Great care must be taken in canning to avoid spoilage. Non-acid foods require special care to avoid deadly botulism and require pressure cooking not just a boiling water bath.
Check the elasticity of the sealing rubbers and discard cracked ones. Do not re-use old ones. Wash them in soap and hot water, rinse and place in a pan covering them with boiling water. Leave them soaking in the hot water until used.
Check the jars for cracks and chips. Test the jars by filling with water and inverting; watch for leaks. Sterilize for 15 minutes in boiling water.
Can only fresh, unblemished produce. Wash well to remove all dirt. Many foods require blanching to partially cook them and kill enzymes. Immerse in boiling water for 5 minutes, then plunge into cold water to arrest cooking. Tomatoes, berries and soft fruit do not need blanching. Meats should be 2/3 cooked by simmering or roasting.
Add salt in the ratio of 1 teaspoon per quart for meats and vegetables. Use a sugar syrup for fruits and add lemon juice or ascorbic acid to avoid discoloration. See “About Jams, Jellies and Preserves”.
Pack jars tightly to 1/2″ from the top but do not crush the contents.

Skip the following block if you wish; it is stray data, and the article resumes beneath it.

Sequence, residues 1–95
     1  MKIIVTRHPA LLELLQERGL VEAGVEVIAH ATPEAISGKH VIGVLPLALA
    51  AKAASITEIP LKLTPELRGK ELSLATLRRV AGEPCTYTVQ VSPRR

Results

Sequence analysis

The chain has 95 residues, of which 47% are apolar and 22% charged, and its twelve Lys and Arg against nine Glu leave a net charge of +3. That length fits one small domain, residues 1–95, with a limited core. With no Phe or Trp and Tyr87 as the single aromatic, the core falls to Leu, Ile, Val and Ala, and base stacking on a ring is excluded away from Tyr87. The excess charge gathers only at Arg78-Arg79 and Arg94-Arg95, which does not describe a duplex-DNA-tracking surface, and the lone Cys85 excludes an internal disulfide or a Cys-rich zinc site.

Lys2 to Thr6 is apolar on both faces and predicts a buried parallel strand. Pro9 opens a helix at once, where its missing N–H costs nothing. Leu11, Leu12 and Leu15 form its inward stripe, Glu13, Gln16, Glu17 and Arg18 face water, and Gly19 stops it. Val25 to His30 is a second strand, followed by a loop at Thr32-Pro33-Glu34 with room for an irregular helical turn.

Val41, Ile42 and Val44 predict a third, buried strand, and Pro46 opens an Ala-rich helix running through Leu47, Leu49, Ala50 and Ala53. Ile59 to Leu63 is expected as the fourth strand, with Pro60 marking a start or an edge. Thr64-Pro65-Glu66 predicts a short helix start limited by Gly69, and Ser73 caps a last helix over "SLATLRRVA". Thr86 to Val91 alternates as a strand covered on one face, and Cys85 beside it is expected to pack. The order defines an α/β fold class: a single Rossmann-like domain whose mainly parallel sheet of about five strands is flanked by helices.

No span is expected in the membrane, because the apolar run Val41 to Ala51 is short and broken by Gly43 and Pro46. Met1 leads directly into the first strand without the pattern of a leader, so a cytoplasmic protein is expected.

Exception: peas, lima beans and corn need more room to expand; fill to 1″ from the top and add boiling water to the 1/2″ mark.
Stir the contents to release trapped air bubbles before sealing the jars. Wet the rubber before using.
Follow the manufacturer’s instructions that come with the pressure canner and add 1/2 pound pressure per 1000 feet in high altitudes. Use a boiling water bath only for tomatoes, acid fruits and brined vegetables. Use a rack to keep the jars off the bottom where they can overheat and crack. The water should be at least an inch over the jars at all times. Add 1 minute per 1000 feet for high altitudes.
Store the finished product in a cool dark pantry or cellar.
Berries, cherries and currants: Pack jars with washed, stemmed fruit and fill the jars with boiling medium syrup [3 cups sugar to 4 cups water brought slowly to a boil while stirring]. Process 15 minutes in a boiling water bath. [Cherries should either be pitted OR have their skins pierced with a pin if canned whole].
Peaches: Scald to loosen skins. Peel and half, removing pits. Use medium syrup and process 20 minutes in a boiling water bath.
Tomatoes: Scald and dip in cold water before skinning. Cut out cores but leave whole. Pack and fill jars with boiling water. Process 45 minutes in a boiling water bath.
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Keywords: Information, Vegetables, American, Fruits, Beans, Tomato